Аа 2



in the house, but as his servant was (just as he could get it) for this pamphlet. going on a message to Fleet-street Hugh Kelly, who had previoirfly' seen after dinner, he should take it to Mr. it at a friend's house, generoully fent Hoarc his Banker, and bring him the bim a guinea for a copy--but consoled change.--This did very well, and foon himself at the farne time, that he was after Hiffernan gave the notc to the under no obligation to read it. man for the above purpose.

Talking of this strange publication at So far the object of self-consequence that time, gave rise to one of the last and vanity were sufficiently displayed, flashes of poor Goldsmith.--- How does and our author joined in pushing about this poor devil of an author, lays a the bottle with great spirit and convi- friend, contrive to get credit even with viality. After an hour or two spent in his bookseller for paper, print, aud adthis manner, Hifferuan enquired after vertising?"_"Oh! my dear fir, fays the man-the bell was rung-but no Goldsmith, very cafiiy-be ficals ite man was as yet returned:--he dropped his brooms ready made," jaw a little upon this but said nothing.- The next year, 1775,

Doctor Hiffer, In about an hour afterwards he en nan appeared as a Drainatic author, by quired again-but no man.--Here our the introduction of a tragedy at Drury author began to lose a little paticnce, Lane Theatrc, under the title of " The and curning round to the genrleman of Heroine of the Cave."-The history the house, Fery gravely exclaimed, “By of this piece is as follows :~After the the living G-, I'm afraid your man death of Henry Jones, the author of the has run off with the money; "-" Upon tragedy of the Earl of Elex (a man fu• my word, Doctor,says the other (smoking perior to Hiffernan in point of genius, him), I must confcfs it has an odd ap- but very like him in his want of pru, pearance;-but if the fellow ihould have dence and discretion), this piece was gone pif-it is with your money--not found amongst his loose papers by the

-"My money!”exclaimed Hif. late Mr. Rcddish, ef Drury Lane Thea fernan, starting from his chair, and rais- tre, who foon after brought it out fur ing his voice- Sir, I would have you to his benefit.-Hiffernan and Reddish know, that I know lawas well as you in living in close habits of ir.limacy, the this particular, and I know that if I gave latter, after his beneht, gave it to the my inancy to your servant by your di- Doctor, and suggested to him that he rection, the act of the servant is the act might make something of it by extend, of the matter.?!-Herc an altercation ing the plot, and adding some new chaon the point of law for some time took racters, place, when the Doctor was most hap Hiffesnan undertook it, and brought pily extricated out of all his fçars by it out the next ycar for the benefit of the arrival of the servant with the mo. Miss Younge (now Mrs. Pope), with ncy, and who was only prevented from a new prologue, epilogue, & &c.returning in time, by a number of other and by the very excellent and impas. messages which he had to deliver from fioned' performance of that capitai aiz his miftreis.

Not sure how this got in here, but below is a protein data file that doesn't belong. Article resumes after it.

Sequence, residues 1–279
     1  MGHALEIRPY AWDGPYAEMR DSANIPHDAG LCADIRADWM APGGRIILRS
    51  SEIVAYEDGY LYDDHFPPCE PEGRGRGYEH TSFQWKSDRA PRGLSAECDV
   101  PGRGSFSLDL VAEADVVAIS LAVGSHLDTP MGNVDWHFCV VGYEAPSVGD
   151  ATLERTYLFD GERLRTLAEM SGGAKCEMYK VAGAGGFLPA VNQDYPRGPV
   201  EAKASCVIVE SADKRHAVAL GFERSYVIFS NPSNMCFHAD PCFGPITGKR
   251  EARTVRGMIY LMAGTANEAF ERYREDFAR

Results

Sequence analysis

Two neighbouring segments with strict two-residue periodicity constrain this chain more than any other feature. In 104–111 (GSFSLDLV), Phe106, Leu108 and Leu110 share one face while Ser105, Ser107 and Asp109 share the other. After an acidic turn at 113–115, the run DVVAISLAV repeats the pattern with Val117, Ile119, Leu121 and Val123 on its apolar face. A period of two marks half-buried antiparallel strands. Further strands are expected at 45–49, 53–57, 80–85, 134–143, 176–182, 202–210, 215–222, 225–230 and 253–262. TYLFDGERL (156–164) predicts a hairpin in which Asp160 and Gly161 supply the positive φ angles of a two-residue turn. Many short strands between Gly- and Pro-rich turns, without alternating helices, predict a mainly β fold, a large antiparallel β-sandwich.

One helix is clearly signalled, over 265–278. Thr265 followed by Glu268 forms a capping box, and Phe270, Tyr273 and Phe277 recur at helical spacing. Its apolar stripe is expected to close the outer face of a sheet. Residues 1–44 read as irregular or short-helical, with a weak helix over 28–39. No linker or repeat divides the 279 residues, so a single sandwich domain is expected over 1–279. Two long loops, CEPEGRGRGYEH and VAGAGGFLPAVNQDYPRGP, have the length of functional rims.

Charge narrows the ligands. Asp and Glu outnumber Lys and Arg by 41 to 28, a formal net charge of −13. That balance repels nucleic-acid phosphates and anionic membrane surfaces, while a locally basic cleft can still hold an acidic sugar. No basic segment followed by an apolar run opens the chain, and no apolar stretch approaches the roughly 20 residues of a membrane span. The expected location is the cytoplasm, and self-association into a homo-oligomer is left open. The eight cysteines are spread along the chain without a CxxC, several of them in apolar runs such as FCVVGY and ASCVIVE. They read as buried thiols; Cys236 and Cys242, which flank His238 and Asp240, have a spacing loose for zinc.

tress, who played the Heroine, it went The next production of the Doctor's off with considerable applause. The title was a thing which he caļled “The Phi. Jonçs gave to this piece was, “The Jnfophic Whim," and which he ironically Çavc of Idra,”—The plot is taken from dedicated to the Universities of Oxford a narrative in the Annual Register, and and Cambridge.

hadihc original author had tine and cool, This is such a jumble of nonsensc, ness to hinish it, it is probable he would that there is no reading or defining it ; have succeeded in making it a respecta if it aims at any thing, it appears to be ble tragedy. Even in Hifternan's hands a laugh againk some branches of modern the plot and incidents buoved him up philofophy—but fo miserably executed, above his ordinary thinking--and if he as to warrant a fuppofirion, that the gave no graces, hc avoided any great man must be mad, or drunk, who blemishes. wrote it. The publication however an The Doctor lived upon the profits of fevered his purpose, for as he was very this tragedy for fome time-but, as hcedless of his literary reputation-or ulual, never made a calculation what he perhaps did not always know when he was to do next, till poverty pessed him was degrading it~he as usual subscribed to do sometbing: After casting about for it amonyit his friends-apd generally some time (and occasionally damoing wherever he went to dine, taxed his thc book sellers for their want of taste in tole from half-a-crown to a guinea nor encouraging learning, and the per.